While women are almost exclusively the textile weavers of the hilltribe cultures, men most often are the basket makers. Often the older men, by virtue of the less physically demanding requirements, can be found cutting the bamboo or rattan into long strips and then weaving the pliable green strips in to a variety of basket shapes and sizes.
Once woven, many bamboo and rattan carrying baskets are hung on the homes’ rafters for up to a year where the daily hearth’s smoke seasons them. The smoke not only strengthens the rattan, granting it flexibility when dry, but also gives the baskets, once the accumulated creosote has been rubbed off, a warm and beautiful patina. The smoked baskets are considered to be of greater beauty and value.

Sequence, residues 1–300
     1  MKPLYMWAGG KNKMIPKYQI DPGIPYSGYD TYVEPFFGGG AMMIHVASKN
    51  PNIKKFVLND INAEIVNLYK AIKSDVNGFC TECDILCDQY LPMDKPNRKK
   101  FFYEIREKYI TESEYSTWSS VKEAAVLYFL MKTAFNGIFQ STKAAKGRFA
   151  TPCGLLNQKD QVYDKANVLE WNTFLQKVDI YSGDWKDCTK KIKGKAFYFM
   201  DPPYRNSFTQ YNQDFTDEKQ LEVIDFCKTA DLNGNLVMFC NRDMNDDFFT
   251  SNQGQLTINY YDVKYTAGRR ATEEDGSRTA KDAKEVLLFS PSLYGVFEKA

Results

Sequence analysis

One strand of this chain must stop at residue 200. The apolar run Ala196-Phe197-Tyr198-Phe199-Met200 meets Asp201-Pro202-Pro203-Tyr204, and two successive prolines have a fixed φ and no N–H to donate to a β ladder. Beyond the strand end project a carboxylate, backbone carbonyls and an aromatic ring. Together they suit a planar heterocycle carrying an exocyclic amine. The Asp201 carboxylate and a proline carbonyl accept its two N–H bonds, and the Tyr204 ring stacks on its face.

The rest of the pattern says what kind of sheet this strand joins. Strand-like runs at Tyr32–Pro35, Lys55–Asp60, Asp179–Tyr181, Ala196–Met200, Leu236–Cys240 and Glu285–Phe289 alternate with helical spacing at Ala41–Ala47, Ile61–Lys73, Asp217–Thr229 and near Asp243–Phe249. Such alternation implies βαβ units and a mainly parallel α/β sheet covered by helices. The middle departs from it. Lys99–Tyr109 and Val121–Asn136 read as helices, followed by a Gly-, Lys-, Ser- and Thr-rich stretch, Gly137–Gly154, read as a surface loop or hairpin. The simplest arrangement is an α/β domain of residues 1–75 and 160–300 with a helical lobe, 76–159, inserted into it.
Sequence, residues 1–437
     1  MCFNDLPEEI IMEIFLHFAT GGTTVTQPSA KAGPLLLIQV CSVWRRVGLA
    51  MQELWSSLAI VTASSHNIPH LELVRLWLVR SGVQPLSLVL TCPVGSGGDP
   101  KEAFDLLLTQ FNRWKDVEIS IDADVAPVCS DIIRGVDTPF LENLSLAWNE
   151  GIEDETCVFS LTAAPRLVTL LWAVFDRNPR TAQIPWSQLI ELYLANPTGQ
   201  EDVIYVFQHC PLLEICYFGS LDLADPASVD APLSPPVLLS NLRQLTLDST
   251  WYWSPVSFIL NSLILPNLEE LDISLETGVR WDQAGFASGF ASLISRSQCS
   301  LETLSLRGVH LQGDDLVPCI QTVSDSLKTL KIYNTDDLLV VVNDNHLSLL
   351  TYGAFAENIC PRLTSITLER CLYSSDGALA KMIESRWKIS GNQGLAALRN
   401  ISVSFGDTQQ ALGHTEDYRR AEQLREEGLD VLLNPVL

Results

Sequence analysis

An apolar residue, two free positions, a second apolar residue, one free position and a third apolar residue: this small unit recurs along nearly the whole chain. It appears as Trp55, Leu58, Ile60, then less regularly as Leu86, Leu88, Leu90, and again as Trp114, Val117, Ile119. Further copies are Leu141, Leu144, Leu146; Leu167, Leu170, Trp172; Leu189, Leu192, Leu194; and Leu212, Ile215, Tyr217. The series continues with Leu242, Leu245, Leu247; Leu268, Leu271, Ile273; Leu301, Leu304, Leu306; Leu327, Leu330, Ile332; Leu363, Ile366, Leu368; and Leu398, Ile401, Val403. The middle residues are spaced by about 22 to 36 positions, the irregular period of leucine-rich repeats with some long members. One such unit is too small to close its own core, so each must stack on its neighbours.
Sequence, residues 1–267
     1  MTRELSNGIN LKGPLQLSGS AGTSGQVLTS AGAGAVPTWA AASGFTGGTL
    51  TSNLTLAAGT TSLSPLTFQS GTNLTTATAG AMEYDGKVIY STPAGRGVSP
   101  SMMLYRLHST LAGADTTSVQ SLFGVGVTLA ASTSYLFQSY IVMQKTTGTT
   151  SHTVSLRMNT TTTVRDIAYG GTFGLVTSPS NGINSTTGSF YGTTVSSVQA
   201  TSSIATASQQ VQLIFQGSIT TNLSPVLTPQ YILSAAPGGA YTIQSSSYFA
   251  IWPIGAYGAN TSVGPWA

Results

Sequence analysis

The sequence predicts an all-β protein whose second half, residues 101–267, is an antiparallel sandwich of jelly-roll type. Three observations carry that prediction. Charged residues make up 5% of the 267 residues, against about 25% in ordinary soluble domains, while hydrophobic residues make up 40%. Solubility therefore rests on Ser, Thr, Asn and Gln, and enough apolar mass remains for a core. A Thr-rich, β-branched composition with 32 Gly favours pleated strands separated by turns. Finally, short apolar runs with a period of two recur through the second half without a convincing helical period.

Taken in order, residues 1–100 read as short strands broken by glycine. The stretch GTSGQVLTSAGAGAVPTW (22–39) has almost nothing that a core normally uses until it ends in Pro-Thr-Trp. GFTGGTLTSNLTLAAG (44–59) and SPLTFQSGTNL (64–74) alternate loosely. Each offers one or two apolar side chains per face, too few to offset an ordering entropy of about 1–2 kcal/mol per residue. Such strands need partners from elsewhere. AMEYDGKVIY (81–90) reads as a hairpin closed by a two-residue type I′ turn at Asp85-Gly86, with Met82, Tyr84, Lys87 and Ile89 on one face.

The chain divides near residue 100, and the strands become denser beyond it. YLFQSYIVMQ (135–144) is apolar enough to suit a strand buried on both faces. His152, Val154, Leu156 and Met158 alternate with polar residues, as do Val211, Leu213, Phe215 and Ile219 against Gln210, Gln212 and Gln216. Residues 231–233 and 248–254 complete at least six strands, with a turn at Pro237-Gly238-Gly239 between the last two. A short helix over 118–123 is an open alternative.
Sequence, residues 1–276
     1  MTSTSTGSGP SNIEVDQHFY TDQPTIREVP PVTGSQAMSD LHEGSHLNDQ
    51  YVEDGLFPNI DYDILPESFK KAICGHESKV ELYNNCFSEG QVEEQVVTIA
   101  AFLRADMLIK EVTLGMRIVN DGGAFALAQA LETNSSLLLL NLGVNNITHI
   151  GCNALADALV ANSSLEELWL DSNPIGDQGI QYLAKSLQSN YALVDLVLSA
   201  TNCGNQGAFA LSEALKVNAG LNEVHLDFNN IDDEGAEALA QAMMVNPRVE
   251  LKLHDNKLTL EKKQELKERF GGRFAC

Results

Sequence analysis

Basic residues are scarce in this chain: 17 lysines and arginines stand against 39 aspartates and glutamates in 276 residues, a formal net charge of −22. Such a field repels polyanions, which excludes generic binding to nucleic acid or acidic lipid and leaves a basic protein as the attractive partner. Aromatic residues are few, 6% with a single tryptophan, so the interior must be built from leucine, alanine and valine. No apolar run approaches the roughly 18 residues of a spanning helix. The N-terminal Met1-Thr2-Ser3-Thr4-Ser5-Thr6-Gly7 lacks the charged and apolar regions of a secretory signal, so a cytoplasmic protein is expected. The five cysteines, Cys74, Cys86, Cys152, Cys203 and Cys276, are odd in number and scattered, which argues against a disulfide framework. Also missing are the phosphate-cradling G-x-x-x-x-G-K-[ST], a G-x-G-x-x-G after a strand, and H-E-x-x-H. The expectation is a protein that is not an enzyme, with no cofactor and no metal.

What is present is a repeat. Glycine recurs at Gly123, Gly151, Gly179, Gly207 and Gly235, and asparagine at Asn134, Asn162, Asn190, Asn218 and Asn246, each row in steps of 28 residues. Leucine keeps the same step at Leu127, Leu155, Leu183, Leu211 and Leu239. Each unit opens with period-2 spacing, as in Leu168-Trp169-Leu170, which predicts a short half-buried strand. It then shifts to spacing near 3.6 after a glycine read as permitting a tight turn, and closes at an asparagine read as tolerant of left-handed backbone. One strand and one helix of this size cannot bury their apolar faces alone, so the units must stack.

Depending on the individual artist, the culture, and the baskets’ purpose, baskets may be plain and practical, woven of a single color and strip-width, or complex and decorative, woven with patterns of dyed strip colors, varying widths and materials, and unusual design lines. Pieces of wood are often woven onto the frame to lift the basket off the floor and create greater strength of form.
The peoples of the Central Highlands of Vietnam are especially renown for their elaborate and decorative baskets.
Baskets are used regularly in all ethnic groups, and can be roughly divided into three categories: